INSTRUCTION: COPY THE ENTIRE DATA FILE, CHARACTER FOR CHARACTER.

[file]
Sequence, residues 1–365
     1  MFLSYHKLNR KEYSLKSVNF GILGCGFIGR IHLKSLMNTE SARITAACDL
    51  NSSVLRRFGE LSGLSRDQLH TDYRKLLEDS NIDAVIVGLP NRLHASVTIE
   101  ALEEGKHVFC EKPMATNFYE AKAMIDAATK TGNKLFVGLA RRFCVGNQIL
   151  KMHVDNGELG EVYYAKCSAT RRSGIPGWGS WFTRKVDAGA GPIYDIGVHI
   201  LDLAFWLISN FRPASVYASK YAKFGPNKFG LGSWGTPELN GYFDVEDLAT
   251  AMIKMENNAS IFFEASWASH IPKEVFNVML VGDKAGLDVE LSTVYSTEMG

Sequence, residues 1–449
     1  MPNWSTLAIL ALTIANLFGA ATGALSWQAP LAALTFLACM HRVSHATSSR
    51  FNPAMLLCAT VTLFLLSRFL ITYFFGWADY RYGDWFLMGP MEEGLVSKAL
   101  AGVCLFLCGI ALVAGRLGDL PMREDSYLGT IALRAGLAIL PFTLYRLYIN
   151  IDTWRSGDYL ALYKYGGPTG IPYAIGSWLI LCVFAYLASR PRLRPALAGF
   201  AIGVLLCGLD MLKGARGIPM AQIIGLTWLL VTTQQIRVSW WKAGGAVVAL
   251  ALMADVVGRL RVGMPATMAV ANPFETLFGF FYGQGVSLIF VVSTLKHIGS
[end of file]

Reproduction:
Sequence, residues 1–365
     1  MFLSYHKLNR KEYSLKSVNF GILGCGFIGR IHLKSLMNTE SARITAACDL
    51  NSSVLRRFGE LSGLSRDQLH TDYRKLLEDS NIDAVIVGLP NRLHASVTIE
   101  ALEEGKHVFC EKPMATNFYE AKAMIDAATK TGNKLFVGLA RRFCVGNQIL
   151  KMHVDNGELG EVYYAKCSAT RRSGIPGWGS WFTRKVDAGA GPIYDIGVHI
   201  LDLAFWLISN FRPASVYASK YAKFGPNKFG LGSWGTPELN GYFDVEDLAT
   251  AMIKMENNAS IFFEASWASH IPKEVFNVML VGDKAGLDVE LSTVYSTEMG

Sequence, residues 1–449
     1  MPNWSTLAIL ALTIANLFGA ATGALSWQAP LAALTFLACM HRVSHATSSR
    51  FNPAMLLCAT VTLFLLSRFL ITYFFGWADY RYGDWFLMGP MEEGLVSKAL
   101  AGVCLFLCGI ALVAGRLGDL PMREDSYLGT IALRAGLAIL PFTLYRLYIN
   151  IDTWRSGDYL ALYKYGGPTG IPYAIGSWLI LCVFAYLASR PRLRPALAGF
   201  AIGVLLCGLD MLKGARGIPM AQIIGLTWLL VTTQQIRVSW WKAGGAVVAL
   251  ALMADVVGRL RVGMPATMAV ANPFETLFGF FYGQGVSLIF VVSTLKHIGS